This webinar will be devoted to Russian nuclear power plant (NPP) safety design features and technologies, with special focus on the Russian VVER-1200 design. The VVER-1200 is an innovative Generation 3+ technology that is already operational in Russia, and entered into commercial operation in December 2017. Fundamental safety functions have been the leading principle in the design of the VVER, which is an evolutionary technology that employs advanced safety systems and complies with all post-Fukushima regulations. The main safety concepts and functions of VVER reactors includes passivity, diversity, multiple train redundancy, and physical separation. The webinar will touch upon basic safety criteria and principles for Russian NPPs, main components of the VVER NPP, and VVER-1200 safety systems and more.


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Aleksandr Nakhabov

Associate Professor and Deputy Head of the Nuclear Physics and Engineering Department, Obninsk Institute, MEPhi


Professor Nakhabov is associate professor at the Nuclear Physics and Engineering Department and Head of Department of International Education and Collaboration at the Obninsk Institute for Nuclear Power Engineering of National Research Nuclear University MEPhI.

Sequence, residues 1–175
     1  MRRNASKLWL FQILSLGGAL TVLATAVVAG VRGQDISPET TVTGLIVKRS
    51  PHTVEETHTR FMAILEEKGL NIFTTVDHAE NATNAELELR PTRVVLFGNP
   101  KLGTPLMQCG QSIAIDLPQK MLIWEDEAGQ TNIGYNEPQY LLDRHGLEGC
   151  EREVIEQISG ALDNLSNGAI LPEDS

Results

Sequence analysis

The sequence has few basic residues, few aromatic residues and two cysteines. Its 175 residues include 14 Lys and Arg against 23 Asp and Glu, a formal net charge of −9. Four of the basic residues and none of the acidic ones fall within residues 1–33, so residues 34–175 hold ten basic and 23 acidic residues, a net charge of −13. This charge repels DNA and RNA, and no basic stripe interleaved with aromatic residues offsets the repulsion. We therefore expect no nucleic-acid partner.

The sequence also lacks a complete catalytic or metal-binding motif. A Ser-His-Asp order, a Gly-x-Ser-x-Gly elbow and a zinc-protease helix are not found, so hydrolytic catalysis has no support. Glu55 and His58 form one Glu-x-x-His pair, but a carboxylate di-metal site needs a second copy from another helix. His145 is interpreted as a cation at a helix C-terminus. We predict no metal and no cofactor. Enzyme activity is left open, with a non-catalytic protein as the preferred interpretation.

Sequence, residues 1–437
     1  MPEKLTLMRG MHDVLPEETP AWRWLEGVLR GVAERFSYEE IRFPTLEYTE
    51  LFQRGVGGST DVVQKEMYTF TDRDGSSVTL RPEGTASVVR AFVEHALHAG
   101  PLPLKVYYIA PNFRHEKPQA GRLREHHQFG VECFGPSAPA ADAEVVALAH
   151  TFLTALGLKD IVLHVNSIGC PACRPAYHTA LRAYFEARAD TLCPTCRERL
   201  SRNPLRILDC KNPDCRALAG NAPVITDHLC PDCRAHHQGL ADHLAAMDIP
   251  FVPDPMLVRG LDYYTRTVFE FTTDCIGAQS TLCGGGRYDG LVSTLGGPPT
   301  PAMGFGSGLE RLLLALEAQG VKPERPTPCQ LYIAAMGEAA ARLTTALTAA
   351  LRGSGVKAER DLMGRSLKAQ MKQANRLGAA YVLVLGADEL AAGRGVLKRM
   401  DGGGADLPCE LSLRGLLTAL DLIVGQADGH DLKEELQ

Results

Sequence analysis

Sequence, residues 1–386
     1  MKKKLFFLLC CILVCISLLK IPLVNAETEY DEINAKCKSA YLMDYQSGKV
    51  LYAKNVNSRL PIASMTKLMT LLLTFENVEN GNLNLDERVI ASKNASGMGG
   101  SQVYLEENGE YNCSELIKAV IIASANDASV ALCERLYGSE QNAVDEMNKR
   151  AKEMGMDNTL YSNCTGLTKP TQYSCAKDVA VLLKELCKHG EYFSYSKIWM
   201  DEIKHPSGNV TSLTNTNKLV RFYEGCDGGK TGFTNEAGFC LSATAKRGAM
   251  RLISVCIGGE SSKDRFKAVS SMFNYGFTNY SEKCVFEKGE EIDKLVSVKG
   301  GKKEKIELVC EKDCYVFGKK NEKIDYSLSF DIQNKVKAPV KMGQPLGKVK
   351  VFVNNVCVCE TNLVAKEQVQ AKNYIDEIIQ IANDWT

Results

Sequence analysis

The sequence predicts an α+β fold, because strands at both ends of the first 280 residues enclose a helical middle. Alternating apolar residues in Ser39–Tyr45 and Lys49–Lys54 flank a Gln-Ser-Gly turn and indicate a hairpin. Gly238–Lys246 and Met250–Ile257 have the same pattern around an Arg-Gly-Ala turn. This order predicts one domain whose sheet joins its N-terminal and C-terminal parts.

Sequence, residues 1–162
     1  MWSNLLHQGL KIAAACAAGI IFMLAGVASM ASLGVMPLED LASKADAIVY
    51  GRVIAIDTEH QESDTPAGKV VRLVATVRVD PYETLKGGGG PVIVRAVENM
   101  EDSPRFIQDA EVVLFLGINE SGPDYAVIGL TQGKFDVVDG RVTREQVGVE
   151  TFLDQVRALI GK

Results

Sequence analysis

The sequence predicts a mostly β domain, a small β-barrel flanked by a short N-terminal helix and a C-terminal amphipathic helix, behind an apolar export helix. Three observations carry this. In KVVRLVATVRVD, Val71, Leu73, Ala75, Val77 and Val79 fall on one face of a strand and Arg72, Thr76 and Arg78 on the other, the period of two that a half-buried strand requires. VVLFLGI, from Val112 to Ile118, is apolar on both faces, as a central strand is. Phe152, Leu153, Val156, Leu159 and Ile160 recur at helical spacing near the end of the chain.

Professor Nakhabov has been training personnel for Russian-designed NPPs for over a decade, specializing in control theory basics, instrumentation design, methods of non-destructive testing, non-destructive testing in NPPs, and nuclear power engineering. Professor Nakhabov implemented first in-service welding joints inspection for equipment and pipelines in the Tianwan NPP Units 1 and 2 (China), and in cooperation with the Engineering Diagnostics Center of NIKIET in Moscow, developed the system for automated analysis of ultrasonic testing results applying NPP welding joints.


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Feb
27
1:00 PM13:00

Nuclear Power Plant Technology

Nuclear Power Plant Technology


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Description:

An overview of current (Pressurized Water Reactors, Boiling Water Reactors, CANDU) and future (Small Modular Reactors and, GEN IV) nuclear power plants will be discussed including a number of weblinks for more detailed information and to increase your own understanding of these technologies.


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ao.Prof.DI.Dr. Helmuth Böck

Lecturer at the Vienna University of Technology

Our presenter